At hearing on Arizona 'audit,' GOP congressman refuses to say Biden won election
During a House hearing Thursday on the recent "audit" of the 2020 election results in Arizona conducted by supporters of former President Donald Trump, Rep. Jamie Raskin, D-Md., sparred with Rep. Andy Biggs, R-Ariz., who refused to accept its results showing that Joe Biden won the state.
"Who won the election in Arizona: Donald Trump or Joe Biden?" Raskin asked Biggs at the beginning of the hearing, which was convened by the House Oversight Committee.
"We don't know. There are a lot of issues with this election that took place," Biggs replied. The two-term Republican congressman was reelected last year to represent the state's Fifth District in the same election whose results he has been questioning.
The "audit" of populous Maricopa County was done at the behest of the Arizona state Senate, which is controlled by Republicans, and conducted and funded by pro-Trump organizations. It showed Biden won by 45,469 votes — a wider margin than the official result, which was 45,109.
"There's the problem," Raskin said. "Donald Trump refused to accept the results, and unfortunately we have one of the world's great political parties which has followed him off of the ledge of this electoral lunacy, and it's dangerous for democracy."
The CEO of Cyber Ninjas, the company that conducted the partisan audit, declined to appear at the hearing to testify despite being invited. Before Doug Logan and his company were hired in Arizona, he pushed unfounded claims of fraud in the 2020 election and was working with Trump’s allies to overturn the election results as early as last November.
At the same hearing, two Maricopa County GOP election officials, who oversaw and accepted the results, testified about the threats they and their families have received from Trump supporters for refusing to say the election was stolen.
Jack Sellers, chairman of the Maricopa County Board of Supervisors, said he has had police parked in front of his house on many nights because of specific threats against him.
The board's vice chairman, Bill Gates, said his family has been the target of numerous death threats.
"I have three daughters," Gates said. "We have been subjected to many threats over the past few months. We have been doxxed. ... We've had phone calls into the Board of Supervisors saying people were going to come slaughter us and our families."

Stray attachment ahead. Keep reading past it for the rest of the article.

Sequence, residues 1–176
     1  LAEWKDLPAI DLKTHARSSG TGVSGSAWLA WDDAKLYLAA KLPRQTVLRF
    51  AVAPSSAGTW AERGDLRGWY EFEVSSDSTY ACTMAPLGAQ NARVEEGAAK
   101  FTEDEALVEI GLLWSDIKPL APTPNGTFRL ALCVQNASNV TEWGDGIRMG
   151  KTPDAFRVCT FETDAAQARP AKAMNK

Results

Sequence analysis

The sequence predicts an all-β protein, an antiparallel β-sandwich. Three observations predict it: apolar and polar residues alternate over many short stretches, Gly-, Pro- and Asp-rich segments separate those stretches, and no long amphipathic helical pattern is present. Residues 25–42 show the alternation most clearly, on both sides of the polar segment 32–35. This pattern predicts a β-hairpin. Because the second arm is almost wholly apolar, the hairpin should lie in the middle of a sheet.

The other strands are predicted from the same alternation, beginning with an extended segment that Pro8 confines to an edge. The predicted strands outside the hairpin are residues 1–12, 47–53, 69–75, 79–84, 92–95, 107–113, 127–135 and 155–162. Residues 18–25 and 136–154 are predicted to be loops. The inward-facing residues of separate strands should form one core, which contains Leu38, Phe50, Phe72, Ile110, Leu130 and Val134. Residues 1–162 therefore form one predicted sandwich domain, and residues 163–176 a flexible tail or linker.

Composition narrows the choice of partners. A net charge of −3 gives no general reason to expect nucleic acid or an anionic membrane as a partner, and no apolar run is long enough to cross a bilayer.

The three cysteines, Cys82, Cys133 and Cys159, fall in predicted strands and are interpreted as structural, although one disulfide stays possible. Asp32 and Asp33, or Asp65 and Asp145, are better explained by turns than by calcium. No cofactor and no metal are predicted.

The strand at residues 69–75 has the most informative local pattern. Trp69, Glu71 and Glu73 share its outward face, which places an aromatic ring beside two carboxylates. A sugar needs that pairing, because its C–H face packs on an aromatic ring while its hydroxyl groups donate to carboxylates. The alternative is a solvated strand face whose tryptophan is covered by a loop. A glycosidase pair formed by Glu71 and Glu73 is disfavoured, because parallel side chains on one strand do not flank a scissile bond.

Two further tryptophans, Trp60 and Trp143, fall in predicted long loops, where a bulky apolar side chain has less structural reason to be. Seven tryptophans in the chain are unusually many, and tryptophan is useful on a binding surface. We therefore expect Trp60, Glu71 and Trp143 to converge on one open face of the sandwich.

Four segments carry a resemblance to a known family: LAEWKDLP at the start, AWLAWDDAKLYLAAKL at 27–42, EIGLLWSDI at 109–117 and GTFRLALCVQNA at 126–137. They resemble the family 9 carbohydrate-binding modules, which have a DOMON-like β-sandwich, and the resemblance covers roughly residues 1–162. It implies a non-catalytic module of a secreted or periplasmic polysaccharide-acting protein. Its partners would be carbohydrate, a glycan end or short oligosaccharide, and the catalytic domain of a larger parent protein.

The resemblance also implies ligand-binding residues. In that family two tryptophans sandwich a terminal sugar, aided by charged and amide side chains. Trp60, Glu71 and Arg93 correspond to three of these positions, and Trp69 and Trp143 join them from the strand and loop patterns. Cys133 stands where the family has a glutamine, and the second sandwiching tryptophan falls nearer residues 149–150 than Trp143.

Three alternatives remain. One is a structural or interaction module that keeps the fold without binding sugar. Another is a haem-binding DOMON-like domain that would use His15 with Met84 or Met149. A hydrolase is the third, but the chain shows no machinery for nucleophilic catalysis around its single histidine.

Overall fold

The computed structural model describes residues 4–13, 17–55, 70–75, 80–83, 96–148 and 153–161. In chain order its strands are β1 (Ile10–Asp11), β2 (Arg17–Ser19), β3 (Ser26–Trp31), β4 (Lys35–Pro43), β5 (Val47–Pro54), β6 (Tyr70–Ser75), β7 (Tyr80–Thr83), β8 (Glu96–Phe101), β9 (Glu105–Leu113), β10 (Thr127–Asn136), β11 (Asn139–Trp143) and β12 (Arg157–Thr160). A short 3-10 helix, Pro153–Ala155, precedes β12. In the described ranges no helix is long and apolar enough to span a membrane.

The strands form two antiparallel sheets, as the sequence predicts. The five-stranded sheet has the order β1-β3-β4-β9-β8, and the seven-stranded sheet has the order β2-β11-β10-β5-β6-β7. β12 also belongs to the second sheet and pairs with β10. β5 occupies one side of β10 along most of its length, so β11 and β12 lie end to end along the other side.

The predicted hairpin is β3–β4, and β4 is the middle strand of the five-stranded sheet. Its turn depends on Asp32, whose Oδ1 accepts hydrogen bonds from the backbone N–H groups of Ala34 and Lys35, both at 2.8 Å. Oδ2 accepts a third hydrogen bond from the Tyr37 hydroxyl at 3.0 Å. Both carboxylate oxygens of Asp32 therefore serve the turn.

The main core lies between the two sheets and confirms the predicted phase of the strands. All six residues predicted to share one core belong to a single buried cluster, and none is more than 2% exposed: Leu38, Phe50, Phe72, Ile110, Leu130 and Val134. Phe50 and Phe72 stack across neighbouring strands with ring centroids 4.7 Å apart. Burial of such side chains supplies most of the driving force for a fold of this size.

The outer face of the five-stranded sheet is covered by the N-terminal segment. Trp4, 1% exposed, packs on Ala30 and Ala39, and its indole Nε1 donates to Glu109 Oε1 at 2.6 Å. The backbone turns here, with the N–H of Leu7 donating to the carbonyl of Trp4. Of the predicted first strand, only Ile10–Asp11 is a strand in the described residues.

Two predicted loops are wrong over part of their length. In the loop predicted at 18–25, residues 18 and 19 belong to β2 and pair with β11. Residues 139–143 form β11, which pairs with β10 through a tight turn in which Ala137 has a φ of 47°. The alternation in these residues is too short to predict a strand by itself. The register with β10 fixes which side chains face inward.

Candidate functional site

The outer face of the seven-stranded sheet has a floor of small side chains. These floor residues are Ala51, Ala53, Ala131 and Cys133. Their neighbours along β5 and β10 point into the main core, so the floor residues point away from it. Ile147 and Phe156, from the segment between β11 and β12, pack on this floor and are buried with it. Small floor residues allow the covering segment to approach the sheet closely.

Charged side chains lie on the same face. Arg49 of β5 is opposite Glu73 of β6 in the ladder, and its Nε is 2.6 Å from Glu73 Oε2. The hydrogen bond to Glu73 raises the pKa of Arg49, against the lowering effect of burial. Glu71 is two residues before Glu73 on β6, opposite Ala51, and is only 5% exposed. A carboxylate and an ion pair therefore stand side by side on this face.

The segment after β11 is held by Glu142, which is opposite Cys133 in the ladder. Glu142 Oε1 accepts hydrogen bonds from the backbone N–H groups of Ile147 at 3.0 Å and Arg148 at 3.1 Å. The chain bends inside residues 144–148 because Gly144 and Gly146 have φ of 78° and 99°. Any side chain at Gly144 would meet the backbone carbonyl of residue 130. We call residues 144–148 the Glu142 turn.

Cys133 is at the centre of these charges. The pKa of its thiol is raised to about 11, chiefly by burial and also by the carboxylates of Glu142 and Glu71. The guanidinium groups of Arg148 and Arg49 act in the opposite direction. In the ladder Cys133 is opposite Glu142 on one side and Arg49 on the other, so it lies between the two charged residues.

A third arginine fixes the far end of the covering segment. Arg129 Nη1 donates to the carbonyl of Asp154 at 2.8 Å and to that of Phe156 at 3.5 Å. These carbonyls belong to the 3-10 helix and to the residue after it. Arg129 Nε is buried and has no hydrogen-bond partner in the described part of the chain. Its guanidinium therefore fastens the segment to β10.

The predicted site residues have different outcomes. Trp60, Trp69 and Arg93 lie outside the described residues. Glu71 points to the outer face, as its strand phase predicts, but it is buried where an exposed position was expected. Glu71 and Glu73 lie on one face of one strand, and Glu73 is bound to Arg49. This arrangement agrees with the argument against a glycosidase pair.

Gates later added that he believed that a "lot of the people" who led the audit were not focused on "restoring confidence and instead, I think, it was more on raising doubts, and I think we're seeing that again today, quite frankly."
While the Trump campaign was contesting the results, both Sellers and Gates received phone messages on Christmas Eve from Rudy Giuliani, Trump's personal lawyer, who suggested that they help in the effort because they were all Republicans.
"I'd like to see if there's a way that we could resolve this so it comes out well for everyone," Giuliani said in a voicemail to Sellers, which was played at the hearing. "We're all Republicans. I think we all have the same goal."
Republicans on the committee spent much of the hearing speculating that other aspects of the election, including mail ballots to potentially hacked voting machines, called the results into question. They also cited the millions of Americans who mistrust the 2020 election results, fueled by Trump and his allies hammering baseless claims of fraud.
Polls show that most Republicans believe Trump's claims about the 2020 election, despite an absence of evidence. An August Yahoo News/YouGov survey found that 66 percent of Republicans continue to insist that "the election was rigged and stolen from Trump," while just 18 percent believe "Joe Biden won fair and square."
The conspiracy theory about the 2020 election being stolen has had real-world consequences, starting with the Jan. 6 Capitol riot, which resulted in multiple deaths and Trump's impeachment. Republican lawmakers in at least 18 states have passed restrictions since last November that make it more difficult to vote, arguing that such policy changes are necessary to restore faith in elections. A number of Republicans who have stated they believe the election was stolen are now running for the top election offices in their states, raising concern about what could happen if there is another close race in 2024.
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